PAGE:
Bone grafts – used to restore bone resorbed due to periodontitis. Small fragments of your own bone, synthetic bone, or donated bone are placed where bone was lost. These grafts serve as a platform for the re-growth of bone, which stabilizes the teeth.
Soft tissue grafts – reinforce thin gums to fill the space where the gums have receded.
Guided tissue regeneration – It stimulates bone and gum tissue growth. In combination with flap surgery, a small piece of mesh-like fabric is inserted between the bone and gum tissue. This keeps the gum tissue from growing into the area where the bone should be, allowing the bone and connective tissue to re-grow and support the teeth.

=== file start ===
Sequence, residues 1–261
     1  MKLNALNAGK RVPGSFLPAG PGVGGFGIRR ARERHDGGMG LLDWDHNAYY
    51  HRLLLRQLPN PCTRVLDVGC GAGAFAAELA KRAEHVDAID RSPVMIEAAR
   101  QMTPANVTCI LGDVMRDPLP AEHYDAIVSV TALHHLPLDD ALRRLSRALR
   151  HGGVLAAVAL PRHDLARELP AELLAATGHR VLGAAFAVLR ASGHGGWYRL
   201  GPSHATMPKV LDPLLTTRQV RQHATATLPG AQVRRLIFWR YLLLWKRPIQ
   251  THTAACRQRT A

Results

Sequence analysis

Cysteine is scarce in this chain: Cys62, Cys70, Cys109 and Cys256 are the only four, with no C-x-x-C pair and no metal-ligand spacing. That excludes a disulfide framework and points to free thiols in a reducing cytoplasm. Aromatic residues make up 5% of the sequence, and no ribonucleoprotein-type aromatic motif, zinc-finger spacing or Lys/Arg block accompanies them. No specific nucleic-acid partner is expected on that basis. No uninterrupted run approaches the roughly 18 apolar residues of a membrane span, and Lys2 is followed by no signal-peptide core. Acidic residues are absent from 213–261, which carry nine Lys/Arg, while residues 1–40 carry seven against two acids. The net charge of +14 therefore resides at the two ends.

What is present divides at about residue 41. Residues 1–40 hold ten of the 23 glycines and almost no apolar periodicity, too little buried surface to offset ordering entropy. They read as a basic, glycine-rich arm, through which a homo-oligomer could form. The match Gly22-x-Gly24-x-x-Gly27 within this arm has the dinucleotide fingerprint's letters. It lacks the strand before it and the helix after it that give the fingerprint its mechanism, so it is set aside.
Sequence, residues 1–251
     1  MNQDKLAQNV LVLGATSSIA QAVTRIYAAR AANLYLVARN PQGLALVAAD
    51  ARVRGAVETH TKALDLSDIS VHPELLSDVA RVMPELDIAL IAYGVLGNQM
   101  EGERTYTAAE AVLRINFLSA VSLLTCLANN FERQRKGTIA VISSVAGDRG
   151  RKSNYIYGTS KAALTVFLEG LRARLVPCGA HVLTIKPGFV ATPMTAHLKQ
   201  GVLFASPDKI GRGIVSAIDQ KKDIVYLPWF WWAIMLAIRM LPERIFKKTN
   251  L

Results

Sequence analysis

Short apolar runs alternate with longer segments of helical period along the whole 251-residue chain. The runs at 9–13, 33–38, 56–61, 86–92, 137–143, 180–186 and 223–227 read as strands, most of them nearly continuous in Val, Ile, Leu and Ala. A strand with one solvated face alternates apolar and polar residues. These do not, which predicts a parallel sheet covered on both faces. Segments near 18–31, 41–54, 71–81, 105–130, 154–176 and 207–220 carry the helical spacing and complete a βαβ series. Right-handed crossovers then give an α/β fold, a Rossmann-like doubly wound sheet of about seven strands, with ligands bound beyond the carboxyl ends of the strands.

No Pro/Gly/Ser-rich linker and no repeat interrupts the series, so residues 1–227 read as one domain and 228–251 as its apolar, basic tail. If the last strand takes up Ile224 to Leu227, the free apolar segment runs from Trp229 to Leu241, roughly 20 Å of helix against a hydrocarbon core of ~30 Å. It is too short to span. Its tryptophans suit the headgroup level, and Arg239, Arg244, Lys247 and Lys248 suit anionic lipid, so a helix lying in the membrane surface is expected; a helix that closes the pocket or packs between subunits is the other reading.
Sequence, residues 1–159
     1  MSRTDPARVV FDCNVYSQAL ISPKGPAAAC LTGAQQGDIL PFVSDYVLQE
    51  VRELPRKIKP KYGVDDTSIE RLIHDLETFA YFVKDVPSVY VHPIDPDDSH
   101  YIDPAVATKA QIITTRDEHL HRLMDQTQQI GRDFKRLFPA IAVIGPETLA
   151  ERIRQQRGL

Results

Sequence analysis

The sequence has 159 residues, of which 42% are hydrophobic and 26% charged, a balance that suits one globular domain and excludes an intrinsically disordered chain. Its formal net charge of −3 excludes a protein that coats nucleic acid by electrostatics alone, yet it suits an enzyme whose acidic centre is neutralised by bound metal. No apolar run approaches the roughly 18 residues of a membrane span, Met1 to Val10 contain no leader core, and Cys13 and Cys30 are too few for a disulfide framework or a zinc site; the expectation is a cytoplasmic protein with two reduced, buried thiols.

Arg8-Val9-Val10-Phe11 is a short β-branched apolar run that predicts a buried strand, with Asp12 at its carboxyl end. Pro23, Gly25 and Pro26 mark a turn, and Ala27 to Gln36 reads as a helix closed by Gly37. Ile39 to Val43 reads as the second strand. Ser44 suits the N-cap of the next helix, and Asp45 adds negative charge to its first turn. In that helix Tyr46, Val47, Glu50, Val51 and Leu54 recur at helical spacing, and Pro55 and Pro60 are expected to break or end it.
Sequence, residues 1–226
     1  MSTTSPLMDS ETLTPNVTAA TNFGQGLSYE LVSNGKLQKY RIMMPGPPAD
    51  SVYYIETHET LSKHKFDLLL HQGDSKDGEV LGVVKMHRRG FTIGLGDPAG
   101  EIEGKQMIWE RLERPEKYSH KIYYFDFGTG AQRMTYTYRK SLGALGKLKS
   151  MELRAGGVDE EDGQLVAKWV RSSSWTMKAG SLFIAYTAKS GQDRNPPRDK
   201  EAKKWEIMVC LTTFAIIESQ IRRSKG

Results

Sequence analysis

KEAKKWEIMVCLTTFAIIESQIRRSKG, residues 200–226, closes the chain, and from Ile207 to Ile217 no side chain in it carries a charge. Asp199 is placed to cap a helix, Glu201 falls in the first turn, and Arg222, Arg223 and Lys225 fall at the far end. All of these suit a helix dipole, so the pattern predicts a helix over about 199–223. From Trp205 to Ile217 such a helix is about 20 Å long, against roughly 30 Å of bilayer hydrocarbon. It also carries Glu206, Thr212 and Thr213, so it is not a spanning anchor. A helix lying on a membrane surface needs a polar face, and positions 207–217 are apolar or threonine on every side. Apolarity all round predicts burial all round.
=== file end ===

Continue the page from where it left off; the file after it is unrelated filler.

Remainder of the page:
Bone (osseous) surgery – it is smoothening of shallow craters in the bone due to moderate or severe bone loss. During the flap surgery, the bone around the tooth is reshaped to decrease the craters, this makes it difficult for bacteria to gather and grow.
Flap Surgery – Surgery might be needed if inflammation and deep pockets remain after treatment with deep cleaning and medications. The flap surgery involves lifting back the gums and removing the tartar deposited in deep pockets. The gums are then sewn back in place so that the tissue fits snugly around the tooth. This method reduces the pocket and areas where bacteria grow and make it easier for the patient to keep the area clean.